Blackstone is another company with lumpy earnings and even bumpier dividend payouts. Because of the nature of their investments, their income isn’t as regular and consistent. It can be gloriously up one quarter and plunge the next. While viewing this on an annualized basis is best, it can still leave some holes.
Over the past few years BX has delivered notably higher first quarter dividend payouts than its fourth quarter. These asset managers pay out their dividends in the first quarters based off their internal expectations, and leave the last quarters based off the reality of their funds returns.
Like some of the other stocks here, the renewed interest in alternative assets as the markets crumble could help boost the bottom line. However, it’ll take time and the tough market environment may continue to make it difficult them to increase revenue – something BX hasn’t done in three quarters.
Apollo Global Management LLC (APO) is an investment manager in private equity, credit and real estate. The firm manages funds on behalf of pensions, sovereign wealth funds, institutions, and individual investors.
From a high of over $35 per share in 2014, the stock has been slowly rolling down a hill. At just over $13 now, it sits nearly 60% lower.
The company is currently paying out an annualized $1.40 dividend that yields 10.5%. It’s worth noting here that Apollo, like KKR previously, has a very uneven payout rate and that they frontload their dividends – traditionally the first and second quarters are the largest.
With diluted earnings of just $0.64 per share, this represents a dividend payout ratio of 371%. If the company can match last years earnings – something that might be challenging given our market environment today – it still won’t be enough.
Apollo has a lot of disparate investment segments, from retail joint ventures, global content providers, to international funds and even midstream gas deals. Its diversification could help the firm weather big changes… but it does expose it to unknown risks as well.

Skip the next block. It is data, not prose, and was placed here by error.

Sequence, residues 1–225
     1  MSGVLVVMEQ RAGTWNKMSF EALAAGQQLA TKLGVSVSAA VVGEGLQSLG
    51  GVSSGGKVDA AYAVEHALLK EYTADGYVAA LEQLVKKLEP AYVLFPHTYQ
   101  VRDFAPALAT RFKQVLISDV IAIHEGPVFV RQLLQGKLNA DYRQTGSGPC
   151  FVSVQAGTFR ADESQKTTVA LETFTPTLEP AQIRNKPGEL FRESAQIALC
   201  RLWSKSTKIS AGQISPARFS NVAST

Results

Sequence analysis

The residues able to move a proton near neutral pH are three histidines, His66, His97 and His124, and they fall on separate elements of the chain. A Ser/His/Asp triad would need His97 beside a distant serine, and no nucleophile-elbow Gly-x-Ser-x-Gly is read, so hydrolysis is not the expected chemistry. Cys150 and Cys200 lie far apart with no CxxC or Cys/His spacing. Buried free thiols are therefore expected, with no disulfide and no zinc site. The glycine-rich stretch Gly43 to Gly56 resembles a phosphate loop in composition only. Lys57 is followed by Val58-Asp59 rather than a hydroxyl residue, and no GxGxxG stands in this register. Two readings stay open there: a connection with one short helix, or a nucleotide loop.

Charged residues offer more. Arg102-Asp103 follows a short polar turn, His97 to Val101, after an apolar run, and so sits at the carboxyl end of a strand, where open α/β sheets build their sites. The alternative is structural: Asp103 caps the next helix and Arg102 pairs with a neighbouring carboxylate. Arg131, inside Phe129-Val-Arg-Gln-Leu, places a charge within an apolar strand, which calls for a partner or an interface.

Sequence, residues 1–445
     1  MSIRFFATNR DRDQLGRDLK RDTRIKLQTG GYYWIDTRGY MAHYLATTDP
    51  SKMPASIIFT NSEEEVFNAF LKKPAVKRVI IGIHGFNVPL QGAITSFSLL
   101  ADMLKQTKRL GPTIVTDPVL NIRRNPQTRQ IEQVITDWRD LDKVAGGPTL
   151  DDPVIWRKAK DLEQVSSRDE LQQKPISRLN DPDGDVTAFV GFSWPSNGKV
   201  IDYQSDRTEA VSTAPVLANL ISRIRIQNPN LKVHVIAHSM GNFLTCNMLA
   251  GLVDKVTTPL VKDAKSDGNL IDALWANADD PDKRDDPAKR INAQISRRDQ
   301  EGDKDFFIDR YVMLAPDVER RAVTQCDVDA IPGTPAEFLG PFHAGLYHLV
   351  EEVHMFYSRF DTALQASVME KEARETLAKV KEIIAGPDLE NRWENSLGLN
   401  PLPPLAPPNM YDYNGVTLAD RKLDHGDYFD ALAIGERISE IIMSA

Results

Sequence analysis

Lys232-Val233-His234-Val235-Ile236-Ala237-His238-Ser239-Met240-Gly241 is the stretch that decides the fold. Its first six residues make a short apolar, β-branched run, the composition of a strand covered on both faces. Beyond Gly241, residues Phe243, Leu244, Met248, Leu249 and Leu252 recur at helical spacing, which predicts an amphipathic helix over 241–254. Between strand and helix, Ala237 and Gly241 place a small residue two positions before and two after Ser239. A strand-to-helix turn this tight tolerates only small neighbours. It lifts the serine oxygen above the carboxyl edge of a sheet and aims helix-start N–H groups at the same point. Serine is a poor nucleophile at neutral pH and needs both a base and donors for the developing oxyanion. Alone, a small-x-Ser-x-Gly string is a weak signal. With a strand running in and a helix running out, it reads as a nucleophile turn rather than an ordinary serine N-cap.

Asset Managers Get Crushed Ahead of, and During, Asset Price Selloff
And Two More Shaky Asset-Dependent Payouts
Two of the stronger members of the asset management group that didn’t make my first list but deserve a mention are Fortress Investment Group LLC (FIG) and The Carlyle Group LP (CG). These firms play in the same sandbox of high stakes asset management, financial alchemy and are in diverse range of markets and industries.
Fortress is yielding a seemingly sustainable 7.4% dividend while Carlyle is delivering a shakier 17.2% yield. The alarming part is that their dividend payout yields are 163% and 453% respectively.
Like their counterparts, these stocks have been cut in half – CG sits over 57% lower over the past year while FIG is down 49%. And like their counterparts, it seems only a matter of time before their dividends will need to be slashed.
.Two Stock Splits, The “Unfortunate” Way
Safer Payouts – How to Secure Them
Eventually, asset prices will stabilize. Until that happens, I’m raking in much bigger – and safer – yields in another sector that’s capitalizing on the biggest demographic shift in U.S. history.
You see, no matter what happens to stock market, the outcome of this year’s election, or even China or the Fed, there’s one sure economic bet in America: The country will be older in the future than it is now and demand for healthcare services is set to skyrocket.
In fact, by 2024, national healthcare expenditures are expected to climb to $5.43 trillion, that’s about 20% of our GDP.
This growth is fueled in large part by the Baby Boom generation. They make up 28% of the U.S. population and number 77 million strong. 10,000 of them turn 65 every single day and will continue to do so every day for the next 15 years.
I’ve uncovered three particularly solid healthcare plays that are set to reap massive profits from this demographic shift.
They pay yields of 6.5%, 7.5%, and 8.2%, and all three are increasing earnings and their dividends annually. Click here for the names of all three and discover exactly how we’re profiting from it he biggest demographic shift in U.S. history.